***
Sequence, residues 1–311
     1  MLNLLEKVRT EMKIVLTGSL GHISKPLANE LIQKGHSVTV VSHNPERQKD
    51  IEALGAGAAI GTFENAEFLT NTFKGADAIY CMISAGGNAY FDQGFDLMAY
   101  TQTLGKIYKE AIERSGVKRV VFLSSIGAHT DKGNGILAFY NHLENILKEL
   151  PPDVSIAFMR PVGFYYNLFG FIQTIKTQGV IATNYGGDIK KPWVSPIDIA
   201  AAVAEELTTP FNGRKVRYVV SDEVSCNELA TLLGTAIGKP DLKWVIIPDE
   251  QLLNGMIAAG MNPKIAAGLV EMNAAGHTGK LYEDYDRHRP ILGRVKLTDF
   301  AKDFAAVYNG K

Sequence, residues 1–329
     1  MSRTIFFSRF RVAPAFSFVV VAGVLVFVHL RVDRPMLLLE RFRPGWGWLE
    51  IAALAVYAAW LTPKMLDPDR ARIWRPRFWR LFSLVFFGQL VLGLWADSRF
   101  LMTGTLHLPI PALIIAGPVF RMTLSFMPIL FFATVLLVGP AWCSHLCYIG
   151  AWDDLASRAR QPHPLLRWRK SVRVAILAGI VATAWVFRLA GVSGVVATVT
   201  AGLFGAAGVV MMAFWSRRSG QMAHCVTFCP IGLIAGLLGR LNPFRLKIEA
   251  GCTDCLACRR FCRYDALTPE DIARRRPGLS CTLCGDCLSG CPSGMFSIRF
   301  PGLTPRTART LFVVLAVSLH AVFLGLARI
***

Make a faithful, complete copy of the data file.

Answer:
Sequence, residues 1–311
     1  MLNLLEKVRT EMKIVLTGSL GHISKPLANE LIQKGHSVTV VSHNPERQKD
    51  IEALGAGAAI GTFENAEFLT NTFKGADAIY CMISAGGNAY FDQGFDLMAY
   101  TQTLGKIYKE AIERSGVKRV VFLSSIGAHT DKGNGILAFY NHLENILKEL
   151  PPDVSIAFMR PVGFYYNLFG FIQTIKTQGV IATNYGGDIK KPWVSPIDIA
   201  AAVAEELTTP FNGRKVRYVV SDEVSCNELA TLLGTAIGKP DLKWVIIPDE
   251  QLLNGMIAAG MNPKIAAGLV EMNAAGHTGK LYEDYDRHRP ILGRVKLTDF
   301  AKDFAAVYNG K

Sequence, residues 1–329
     1  MSRTIFFSRF RVAPAFSFVV VAGVLVFVHL RVDRPMLLLE RFRPGWGWLE
    51  IAALAVYAAW LTPKMLDPDR ARIWRPRFWR LFSLVFFGQL VLGLWADSRF
   101  LMTGTLHLPI PALIIAGPVF RMTLSFMPIL FFATVLLVGP AWCSHLCYIG
   151  AWDDLASRAR QPHPLLRWRK SVRVAILAGI VATAWVFRLA GVSGVVATVT
   201  AGLFGAAGVV MMAFWSRRSG QMAHCVTFCP IGLIAGLLGR LNPFRLKIEA
   251  GCTDCLACRR FCRYDALTPE DIARRRPGLS CTLCGDCLSG CPSGMFSIRF
   301  PGLTPRTART LFVVLAVSLH AVFLGLARI